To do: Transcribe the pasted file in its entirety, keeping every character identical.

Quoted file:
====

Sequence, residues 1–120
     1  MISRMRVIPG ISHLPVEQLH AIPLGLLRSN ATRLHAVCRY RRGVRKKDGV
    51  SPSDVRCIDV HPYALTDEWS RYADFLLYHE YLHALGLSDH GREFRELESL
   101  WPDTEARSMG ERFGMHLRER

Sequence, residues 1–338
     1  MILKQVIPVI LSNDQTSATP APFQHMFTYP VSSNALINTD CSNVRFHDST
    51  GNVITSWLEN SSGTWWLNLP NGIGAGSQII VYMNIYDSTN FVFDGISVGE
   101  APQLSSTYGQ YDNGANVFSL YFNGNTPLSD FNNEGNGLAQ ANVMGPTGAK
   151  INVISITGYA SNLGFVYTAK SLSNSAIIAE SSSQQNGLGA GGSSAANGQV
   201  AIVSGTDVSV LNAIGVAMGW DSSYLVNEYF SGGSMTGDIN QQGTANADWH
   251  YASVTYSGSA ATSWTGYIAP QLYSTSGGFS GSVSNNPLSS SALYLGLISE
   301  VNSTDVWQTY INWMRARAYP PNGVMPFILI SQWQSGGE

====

Sequence, residues 1–120
     1  MISRMRVIPG ISHLPVEQLH AIPLGLLRSN ATRLHAVCRY RRGVRKKDGV
    51  SPSDVRCIDV HPYALTDEWS RYADFLLYHE YLHALGLSDH GREFRELESL
   101  WPDTEARSMG ERFGMHLRER

Sequence, residues 1–338
     1  MILKQVIPVI LSNDQTSATP APFQHMFTYP VSSNALINTD CSNVRFHDST
    51  GNVITSWLEN SSGTWWLNLP NGIGAGSQII VYMNIYDSTN FVFDGISVGE
   101  APQLSSTYGQ YDNGANVFSL YFNGNTPLSD FNNEGNGLAQ ANVMGPTGAK
   151  INVISITGYA SNLGFVYTAK SLSNSAIIAE SSSQQNGLGA GGSSAANGQV
   201  AIVSGTDVSV LNAIGVAMGW DSSYLVNEYF SGGSMTGDIN QQGTANADWH
   251  YASVTYSGSA ATSWTGYIAP QLYSTSGGFS GSVSNNPLSS SALYLGLISE
   301  VNSTDVWQTY INWMRARAYP PNGVMPFILI SQWQSGGE